We Need A Better Solution. Don’t Cut Head Start by Leigh Carlson-Hernandez

I am the Director of an early childhood program in the South Hills of Pittsburgh. Prior to my work here I worked in Birth to Three, early intervention, where I spent 10 years supporting and advocating for families and children with disabilities. I worked a number of years in a large Head Start program in Hartford, CT providing high-quality education to at-risk children. I also have three children impacted by the traumatic loss of their birth father via suicide and receive social security survivor benefits.

I find the current debates about the impending budget and cuts to be daunting. The cry for a balanced budget although important cannot be delivered on the backs of our youngest and most vulnerable citizens. Unless Congress and the White House take another path, starting January 2, 2013, there would be automatic cuts of roughly 8% to domestic discretionary programs– including Head Start, child care, K-12 education, WIC, early intervention and many others. This would mean roughly 100,000 children losing Early Head Start or Head Start and 80,000 children losing child care assistance. (NAEYC)

An 8% cut to many people does not seem like much but in our state of Pennsylvania the impacts to a few programs would affect me, both personally and professionally, as Special Education grants reduced by over $33 million dollars equating to 408 less jobs, Special Education preschool grants reduced by over $1 million dollars and 13 jobs, Special Education Grants for infants and toddlers reduced by $1.1 million dollars resulting in 1,358 fewer children with delays and disabilities served, and Child Care and Development Block Grant reduced by $5.4 million dollars resulting in 4,522 less children served thus the parents of those children unable to work.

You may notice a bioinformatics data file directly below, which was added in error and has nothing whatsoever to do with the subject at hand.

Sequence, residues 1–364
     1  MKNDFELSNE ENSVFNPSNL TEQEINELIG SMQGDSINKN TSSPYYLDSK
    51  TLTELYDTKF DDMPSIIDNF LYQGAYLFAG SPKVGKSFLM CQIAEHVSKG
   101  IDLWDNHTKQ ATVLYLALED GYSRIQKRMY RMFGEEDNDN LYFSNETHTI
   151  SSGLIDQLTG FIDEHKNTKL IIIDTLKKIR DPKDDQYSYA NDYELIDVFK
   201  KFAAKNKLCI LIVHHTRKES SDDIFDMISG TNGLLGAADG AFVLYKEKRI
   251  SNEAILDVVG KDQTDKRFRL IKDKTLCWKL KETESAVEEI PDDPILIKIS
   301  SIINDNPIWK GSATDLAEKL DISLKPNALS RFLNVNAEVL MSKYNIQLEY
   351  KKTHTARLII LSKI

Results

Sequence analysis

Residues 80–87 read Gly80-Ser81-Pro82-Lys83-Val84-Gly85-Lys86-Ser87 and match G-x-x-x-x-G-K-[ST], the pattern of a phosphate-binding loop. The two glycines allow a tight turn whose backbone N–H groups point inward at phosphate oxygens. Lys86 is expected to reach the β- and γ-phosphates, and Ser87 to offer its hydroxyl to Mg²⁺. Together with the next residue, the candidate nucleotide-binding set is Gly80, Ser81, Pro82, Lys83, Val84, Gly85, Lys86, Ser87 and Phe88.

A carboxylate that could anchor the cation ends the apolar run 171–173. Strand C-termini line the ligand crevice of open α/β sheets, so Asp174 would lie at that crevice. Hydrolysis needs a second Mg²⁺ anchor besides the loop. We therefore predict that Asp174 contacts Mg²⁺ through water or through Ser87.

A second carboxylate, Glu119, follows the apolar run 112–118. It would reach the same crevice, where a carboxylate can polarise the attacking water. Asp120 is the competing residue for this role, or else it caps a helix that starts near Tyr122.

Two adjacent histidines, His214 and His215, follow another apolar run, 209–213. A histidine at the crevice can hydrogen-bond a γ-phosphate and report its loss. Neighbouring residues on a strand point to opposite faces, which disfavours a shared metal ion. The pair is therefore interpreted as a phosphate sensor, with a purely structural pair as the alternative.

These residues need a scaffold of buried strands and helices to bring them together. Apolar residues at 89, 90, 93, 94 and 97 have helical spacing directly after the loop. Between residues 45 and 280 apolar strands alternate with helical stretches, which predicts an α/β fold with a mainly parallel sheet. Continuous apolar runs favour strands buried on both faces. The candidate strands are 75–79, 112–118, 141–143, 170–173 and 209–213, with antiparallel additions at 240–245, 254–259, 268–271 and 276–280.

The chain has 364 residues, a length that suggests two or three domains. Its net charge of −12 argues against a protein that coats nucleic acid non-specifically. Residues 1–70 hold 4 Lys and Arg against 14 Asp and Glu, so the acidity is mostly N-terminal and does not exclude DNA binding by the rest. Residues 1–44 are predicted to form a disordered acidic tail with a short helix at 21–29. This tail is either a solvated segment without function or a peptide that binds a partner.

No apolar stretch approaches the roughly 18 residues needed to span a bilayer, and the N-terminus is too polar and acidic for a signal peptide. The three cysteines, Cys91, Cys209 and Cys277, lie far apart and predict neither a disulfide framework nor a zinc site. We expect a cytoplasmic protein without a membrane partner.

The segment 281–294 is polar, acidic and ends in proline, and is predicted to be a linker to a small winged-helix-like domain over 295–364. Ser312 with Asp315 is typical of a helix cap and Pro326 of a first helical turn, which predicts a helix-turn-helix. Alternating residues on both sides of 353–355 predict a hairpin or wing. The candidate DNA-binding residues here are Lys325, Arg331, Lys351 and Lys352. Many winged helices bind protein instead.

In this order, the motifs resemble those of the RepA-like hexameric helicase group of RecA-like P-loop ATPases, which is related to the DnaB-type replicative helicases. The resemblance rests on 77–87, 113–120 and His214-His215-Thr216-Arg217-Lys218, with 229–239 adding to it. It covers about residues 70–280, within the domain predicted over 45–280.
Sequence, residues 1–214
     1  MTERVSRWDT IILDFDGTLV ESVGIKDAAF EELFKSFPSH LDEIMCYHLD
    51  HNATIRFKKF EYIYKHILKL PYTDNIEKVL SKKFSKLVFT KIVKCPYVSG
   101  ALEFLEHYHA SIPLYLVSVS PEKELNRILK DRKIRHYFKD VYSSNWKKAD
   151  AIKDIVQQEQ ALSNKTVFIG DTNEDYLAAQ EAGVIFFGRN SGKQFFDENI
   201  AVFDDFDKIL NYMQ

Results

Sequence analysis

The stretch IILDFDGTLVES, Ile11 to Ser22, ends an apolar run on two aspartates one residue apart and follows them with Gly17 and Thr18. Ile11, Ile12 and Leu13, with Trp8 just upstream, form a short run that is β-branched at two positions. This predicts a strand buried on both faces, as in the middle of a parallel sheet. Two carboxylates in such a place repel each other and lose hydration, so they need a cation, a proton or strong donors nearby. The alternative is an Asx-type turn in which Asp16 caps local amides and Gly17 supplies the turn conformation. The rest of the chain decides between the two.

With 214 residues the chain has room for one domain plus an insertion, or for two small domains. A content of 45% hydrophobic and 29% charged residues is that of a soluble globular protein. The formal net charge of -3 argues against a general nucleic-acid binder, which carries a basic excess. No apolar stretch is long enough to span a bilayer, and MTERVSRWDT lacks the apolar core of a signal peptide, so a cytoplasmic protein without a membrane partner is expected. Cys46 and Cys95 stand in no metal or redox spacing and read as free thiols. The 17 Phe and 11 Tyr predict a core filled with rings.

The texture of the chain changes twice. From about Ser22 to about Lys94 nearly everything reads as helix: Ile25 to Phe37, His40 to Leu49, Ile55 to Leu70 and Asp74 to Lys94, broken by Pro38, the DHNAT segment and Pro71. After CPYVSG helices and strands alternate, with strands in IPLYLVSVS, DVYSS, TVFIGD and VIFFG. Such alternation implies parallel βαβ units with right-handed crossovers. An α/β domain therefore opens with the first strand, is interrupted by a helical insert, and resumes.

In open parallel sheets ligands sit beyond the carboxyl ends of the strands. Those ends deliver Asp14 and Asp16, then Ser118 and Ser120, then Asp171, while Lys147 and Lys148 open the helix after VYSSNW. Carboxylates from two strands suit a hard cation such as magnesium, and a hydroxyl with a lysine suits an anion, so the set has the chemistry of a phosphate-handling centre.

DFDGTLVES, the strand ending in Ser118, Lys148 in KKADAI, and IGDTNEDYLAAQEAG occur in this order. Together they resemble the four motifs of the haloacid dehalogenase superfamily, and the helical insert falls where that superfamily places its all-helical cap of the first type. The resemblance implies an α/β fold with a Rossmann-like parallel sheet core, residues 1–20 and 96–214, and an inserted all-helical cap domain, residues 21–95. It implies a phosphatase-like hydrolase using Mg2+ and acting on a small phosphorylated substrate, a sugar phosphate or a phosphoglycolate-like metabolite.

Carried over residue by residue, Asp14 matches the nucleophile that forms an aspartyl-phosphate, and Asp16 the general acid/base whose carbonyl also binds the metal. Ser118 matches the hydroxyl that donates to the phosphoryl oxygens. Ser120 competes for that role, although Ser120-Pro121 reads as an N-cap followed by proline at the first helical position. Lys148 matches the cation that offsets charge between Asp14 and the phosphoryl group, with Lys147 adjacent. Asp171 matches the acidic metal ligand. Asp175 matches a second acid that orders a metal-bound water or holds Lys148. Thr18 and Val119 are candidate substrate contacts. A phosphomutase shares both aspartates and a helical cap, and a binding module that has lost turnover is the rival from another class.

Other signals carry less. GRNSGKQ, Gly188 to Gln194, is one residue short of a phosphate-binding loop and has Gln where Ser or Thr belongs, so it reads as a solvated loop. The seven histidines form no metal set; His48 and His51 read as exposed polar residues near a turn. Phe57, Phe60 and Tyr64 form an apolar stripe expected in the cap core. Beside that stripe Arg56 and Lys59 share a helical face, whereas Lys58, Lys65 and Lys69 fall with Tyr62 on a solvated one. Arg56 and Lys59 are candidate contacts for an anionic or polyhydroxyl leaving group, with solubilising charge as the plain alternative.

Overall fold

Lastly, Head Start programs in the state of PA alone will lose close to $21 million dollars in funding. That is another 689 jobs lost and 3,305 children not able to receive a high quality early childhood education.

So how does funding early childhood programs help in the fiscal crisis?

When children, particularly at-risk children experience high-quality early learning programs, they have better school, employment and life outcomes. These results demonstrate the significant economic gains generated by investing in quality early childhood development. The results speak for themselves; School Readiness by Kindergarten, meeting standards in elementary school, reduced special education costs, reduced crime and delinquency, fewer teen pregnancies, increased graduation rates, increased college attendance and greater adult employment and higher wages.

I am pleading for a better solution, fund early childhood education and special education to increase our return on investment. If not for us, then for the next generation, invest in people, particularly young ones.

Budget cuts affect real people and have real consequences, invest wisely.


Leigh Carlson-Hernandez
Director & Parent
St. Paul’s Episcopal Nursery School

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